Fortunately, as far as shade goes, a hurricane came through just before we started and damaged six trees, which were soon afterward taken out. This allowed for slightly more light to filter through. But there was quite a bit of debris left behind after the hurricane. We had to remove the limbs and leaves before we could begin.

 How We Considered Light and Heat Levels

Before we started, I took light readings at noon to see how much light was reaching the soil in the most shaded part compared to the full sun sections. What I discovered was that the shaded areas were receiving half the sunlight compared to the full sun, which was great because we had expected it to be much less.  The sun was coming in only in patches through the canopy for most of the day, but in one part of the day between 4 – 6 p.m., most of the shaded area did receive almost full sun (except for the shade cast by the tree trunks). The shade also lowered the temperature by about 20-degrees.  I determined this was enough light to work with using the more shade-tolerant varieties of Turf Type Tall Fescue (TTTF).  Many cool-season grasses are more shade tolerant than the most shade tolerant warm-season grass.

The second consideration was if the more heat-sensitive grass of the mix, the fine fescues, could survive the southern summer heat. This has yet to be seen in this project, but we will keep watch over it. Fine fescues are the most shade tolerant, but also the most heat-sensitive of all cool-season grasses.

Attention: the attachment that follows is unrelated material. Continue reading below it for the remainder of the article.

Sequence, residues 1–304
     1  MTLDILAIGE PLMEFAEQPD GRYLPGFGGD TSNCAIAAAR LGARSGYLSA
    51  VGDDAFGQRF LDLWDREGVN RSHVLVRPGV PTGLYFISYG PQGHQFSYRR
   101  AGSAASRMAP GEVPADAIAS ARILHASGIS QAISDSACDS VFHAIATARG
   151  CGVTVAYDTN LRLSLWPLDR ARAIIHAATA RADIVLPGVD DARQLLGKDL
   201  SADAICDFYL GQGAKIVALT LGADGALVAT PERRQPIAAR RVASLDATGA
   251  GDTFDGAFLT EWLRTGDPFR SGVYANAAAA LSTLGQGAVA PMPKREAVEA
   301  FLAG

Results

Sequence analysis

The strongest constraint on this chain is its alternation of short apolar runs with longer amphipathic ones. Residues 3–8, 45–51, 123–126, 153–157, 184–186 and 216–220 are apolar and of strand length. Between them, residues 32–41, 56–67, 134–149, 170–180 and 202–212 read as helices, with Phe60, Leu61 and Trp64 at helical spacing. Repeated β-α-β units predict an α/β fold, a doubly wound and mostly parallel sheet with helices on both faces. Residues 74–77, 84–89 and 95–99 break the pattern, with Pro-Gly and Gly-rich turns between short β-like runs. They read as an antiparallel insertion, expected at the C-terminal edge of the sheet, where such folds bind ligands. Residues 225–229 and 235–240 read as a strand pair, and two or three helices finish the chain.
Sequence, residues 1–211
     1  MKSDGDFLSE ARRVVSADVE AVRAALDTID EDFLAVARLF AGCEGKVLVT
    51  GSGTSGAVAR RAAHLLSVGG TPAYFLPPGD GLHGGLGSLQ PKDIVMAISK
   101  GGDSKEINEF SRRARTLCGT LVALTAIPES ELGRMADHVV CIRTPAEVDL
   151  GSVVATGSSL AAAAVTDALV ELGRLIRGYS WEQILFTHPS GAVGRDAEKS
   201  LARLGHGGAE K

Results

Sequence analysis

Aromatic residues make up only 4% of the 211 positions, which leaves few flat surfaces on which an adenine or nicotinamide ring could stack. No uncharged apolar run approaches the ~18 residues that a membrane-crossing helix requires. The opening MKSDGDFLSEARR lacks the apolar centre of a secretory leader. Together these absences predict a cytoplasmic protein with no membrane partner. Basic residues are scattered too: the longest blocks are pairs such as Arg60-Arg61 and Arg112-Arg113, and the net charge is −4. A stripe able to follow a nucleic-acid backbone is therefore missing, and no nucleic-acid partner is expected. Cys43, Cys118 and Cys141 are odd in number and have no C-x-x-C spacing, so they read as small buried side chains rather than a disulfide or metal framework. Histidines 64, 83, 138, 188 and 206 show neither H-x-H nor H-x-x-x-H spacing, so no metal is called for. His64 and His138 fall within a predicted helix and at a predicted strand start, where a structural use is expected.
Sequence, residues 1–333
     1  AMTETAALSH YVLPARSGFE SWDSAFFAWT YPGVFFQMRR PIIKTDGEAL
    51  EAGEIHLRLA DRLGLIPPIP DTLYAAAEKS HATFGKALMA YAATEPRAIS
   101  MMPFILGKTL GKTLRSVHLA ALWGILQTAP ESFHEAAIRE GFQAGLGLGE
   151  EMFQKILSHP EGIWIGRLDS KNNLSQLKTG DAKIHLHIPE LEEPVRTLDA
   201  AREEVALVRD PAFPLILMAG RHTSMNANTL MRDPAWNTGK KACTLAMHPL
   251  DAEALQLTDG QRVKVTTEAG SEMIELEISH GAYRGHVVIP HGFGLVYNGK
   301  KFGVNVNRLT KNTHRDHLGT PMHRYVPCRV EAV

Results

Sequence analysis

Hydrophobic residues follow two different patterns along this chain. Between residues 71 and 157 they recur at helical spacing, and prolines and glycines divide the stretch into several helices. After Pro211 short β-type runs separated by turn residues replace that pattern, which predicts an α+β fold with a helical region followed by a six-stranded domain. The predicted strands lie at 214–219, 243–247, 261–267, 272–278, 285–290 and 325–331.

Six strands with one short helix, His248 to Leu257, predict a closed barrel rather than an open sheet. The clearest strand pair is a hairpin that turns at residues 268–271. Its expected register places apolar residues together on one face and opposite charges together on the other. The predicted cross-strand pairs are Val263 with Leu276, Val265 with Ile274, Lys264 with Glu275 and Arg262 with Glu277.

In the U.S. fine fescues are relegated strictly as shade grass. Most fine fescues cannot take full sun and this is especially so in southern locations. Yet they can still fail in the shade if the heat gets too high.

For this reason, I made sure there were not just fine fescues in the shade mix. There are about eight different varieties altogether, three varieties of fine fescue and five varieties of TTTF including Nightcrawler TTTF and Cross 4 TTTF. Both are very shade tolerant and crossfire 4 performs well in the deep south while nightcrawler is one of the few fescues that put out rhizomes. The idea for all the varieties is if one variety fails in a specific location then the others will take over.

New Lawn After 30 Days

 How We Started This Project